April 27, 2001

I am finally back in the office after a whirlwind week of travel and there are plenty of NATCA’s bills to pay. My inbox has been calling me since Monday and I am glad to have a few minutes to catch up.

My week started on Sunday with the Southern Region Legislative Committee meeting in Orlando. The committee is flourishing and has taken NATCA into some new political areas. Randy Weiland and Brad Burtner have been very active in the Northern Kentucky Democrat Executive Council and Randy tasked the rest of the committee to get active in their local party, either Democrat or Republican. Local politics will play a key role in fighting the expansion of the contract tower program. The committee also discussed involving their spouses, as Gary Morgan has done in Atlanta, especially when your spouse is not subject to the Hatch Act. There was a lot of discussion about NATCA in Washington and the innovative methods that the state coordinators have used to energize the activists. The North Carolina delegation has coordinated their schedules to meet on the train to Washington. Activists on the Amtrak.

Donna Fitzgerald hosted us on a visit to MCO as members began to pour into the hotel for the Southern/Southwest/Great Lakes combined meeting, popularly known as the three-region hug fest. The positive energy was astounding. I talked about organizing with Larry Nash, privatization with John Vogelsang, NTSB with Darren Gaines, CISD with Mike Mathern, NATCAnet with George Petrovitch and a dozen other things with a dozen other members. It is invigorating to see so many people working hard for their union and to make their profession better.

Monday I took care of some office calls and e-mail then had an appointment with George Lloyd to talk about the elections committee charter and the CISD team who are just back from a conference on CISM, which included a day dedicated to aviation. I have heard nothing but positive feedback from the members who attended the conference. After lunch with George, I met with Randy Weiland and Rich Ulmes about NATCA in Washington issues and the progress being made between the NLC and Legislative Affairs department to build a more effective working relationship. The regional meeting started at 1 and I was on the agenda at 4. After a brief discussion with Bob Taylor about having NATCA’s training classes evaluated for college credit and the process involved, I prepared my talking points for the meeting.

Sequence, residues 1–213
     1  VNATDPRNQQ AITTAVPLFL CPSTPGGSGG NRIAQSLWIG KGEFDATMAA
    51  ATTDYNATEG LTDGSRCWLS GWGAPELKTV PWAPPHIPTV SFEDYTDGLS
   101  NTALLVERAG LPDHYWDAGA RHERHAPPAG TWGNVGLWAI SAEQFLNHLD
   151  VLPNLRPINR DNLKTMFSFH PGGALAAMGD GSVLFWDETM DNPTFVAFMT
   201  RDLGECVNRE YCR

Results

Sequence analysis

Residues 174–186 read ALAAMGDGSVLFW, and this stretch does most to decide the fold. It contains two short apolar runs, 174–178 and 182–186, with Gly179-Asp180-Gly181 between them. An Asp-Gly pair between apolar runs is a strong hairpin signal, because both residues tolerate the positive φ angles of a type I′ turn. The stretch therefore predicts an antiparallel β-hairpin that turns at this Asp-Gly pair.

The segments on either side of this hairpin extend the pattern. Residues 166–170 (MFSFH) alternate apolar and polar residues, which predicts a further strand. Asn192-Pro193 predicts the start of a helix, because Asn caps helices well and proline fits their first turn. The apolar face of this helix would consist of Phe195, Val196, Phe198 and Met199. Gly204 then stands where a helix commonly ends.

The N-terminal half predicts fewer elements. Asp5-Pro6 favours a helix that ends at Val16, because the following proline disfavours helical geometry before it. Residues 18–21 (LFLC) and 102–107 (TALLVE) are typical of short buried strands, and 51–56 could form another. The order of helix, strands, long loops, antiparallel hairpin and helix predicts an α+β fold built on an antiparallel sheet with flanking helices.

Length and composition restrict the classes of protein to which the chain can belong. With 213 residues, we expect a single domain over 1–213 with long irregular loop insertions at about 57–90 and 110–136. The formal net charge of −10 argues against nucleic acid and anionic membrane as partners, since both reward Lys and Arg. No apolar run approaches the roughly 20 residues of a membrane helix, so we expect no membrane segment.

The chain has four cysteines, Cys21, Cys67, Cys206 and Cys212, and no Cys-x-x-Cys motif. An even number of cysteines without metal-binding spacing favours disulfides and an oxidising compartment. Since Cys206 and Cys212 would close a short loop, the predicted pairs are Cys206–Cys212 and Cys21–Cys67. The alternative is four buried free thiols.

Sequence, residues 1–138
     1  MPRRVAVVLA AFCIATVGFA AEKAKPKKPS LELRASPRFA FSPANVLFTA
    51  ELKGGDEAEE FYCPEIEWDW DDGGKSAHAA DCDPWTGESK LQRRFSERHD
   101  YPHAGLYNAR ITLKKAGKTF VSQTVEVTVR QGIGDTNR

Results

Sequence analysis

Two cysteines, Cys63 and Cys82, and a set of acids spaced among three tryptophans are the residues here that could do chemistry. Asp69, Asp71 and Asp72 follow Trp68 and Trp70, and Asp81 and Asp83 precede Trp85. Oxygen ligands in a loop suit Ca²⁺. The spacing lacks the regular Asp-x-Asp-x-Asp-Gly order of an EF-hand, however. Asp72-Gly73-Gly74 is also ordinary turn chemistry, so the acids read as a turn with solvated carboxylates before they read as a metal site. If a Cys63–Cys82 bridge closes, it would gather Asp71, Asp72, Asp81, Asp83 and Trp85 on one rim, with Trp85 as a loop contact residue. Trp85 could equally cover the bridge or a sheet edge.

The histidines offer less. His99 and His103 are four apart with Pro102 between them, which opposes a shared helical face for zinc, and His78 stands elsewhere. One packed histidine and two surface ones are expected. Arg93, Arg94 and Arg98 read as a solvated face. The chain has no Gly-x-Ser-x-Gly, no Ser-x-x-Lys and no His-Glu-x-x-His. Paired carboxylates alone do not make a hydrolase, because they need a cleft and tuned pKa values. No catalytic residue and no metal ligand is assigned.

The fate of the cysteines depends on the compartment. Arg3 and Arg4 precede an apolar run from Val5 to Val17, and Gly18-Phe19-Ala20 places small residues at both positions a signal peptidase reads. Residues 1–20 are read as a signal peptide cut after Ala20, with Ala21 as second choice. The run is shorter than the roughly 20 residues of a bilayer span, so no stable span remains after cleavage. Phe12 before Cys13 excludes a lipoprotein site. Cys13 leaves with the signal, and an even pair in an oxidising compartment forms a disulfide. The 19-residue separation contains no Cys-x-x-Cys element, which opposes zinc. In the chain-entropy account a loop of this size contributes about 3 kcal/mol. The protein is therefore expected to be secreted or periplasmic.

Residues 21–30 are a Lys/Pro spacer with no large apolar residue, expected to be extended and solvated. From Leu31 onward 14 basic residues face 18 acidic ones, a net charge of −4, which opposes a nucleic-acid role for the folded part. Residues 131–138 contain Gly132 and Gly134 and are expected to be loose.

I considered talking about the issues facing NATCA, but Randy Weiland would be speaking on privatization the next day and I didn’t want to steal John’s material, so instead I talked about the organizational changes that have taken place in NATCA and what the NEB and National Office is doing differently and how it is working. The most important point is that the NEB is working as a team to build a stronger national union. While the RVP’s are working for their regions, they have taken on extra duty to work with the national office move the organization forward. It was not the most exciting speech I have ever given, but there was a lot of material to cover. After questions and answers, the meeting ended and it was time to change into play clothes for the evening reception.

My alarm went off all too early and I scrambled to make my 6:20 am flight from MCO to LAX. The AFL-CIO Secretary/Treasurer’s meeting was in Los Angeles in conjunction with the Union Industries Show. NATCA’s booth was in Massachusetts for the Aviation Expo and I could not stay for the show, much to the disappointment of the other union officers, but when I explained that I had a prior commitment at a local, they understood. Next year the meeting and show will be in Minneapolis so I will plan to stay and I hope our members in the Minneapolis area locals will take their families to the show.

The official meeting started Wednesday morning with a welcome from Rich Trumpka, Secretary/Treasurer of the AFL-CIO and we all introduced ourselves. Jim Cole from the Ironworkers gave a passionate speech about the lengths to which some officials will go to assert financial impropriety by union officers. He talked about the case law that supported indictments for listing expenses on the wrong line of the LM’s charging it as concealment. So when Dale Wright comes out to audit you local, remember that he is there to help you. His job, and that of the finance committee is to keep local officers out of trouble.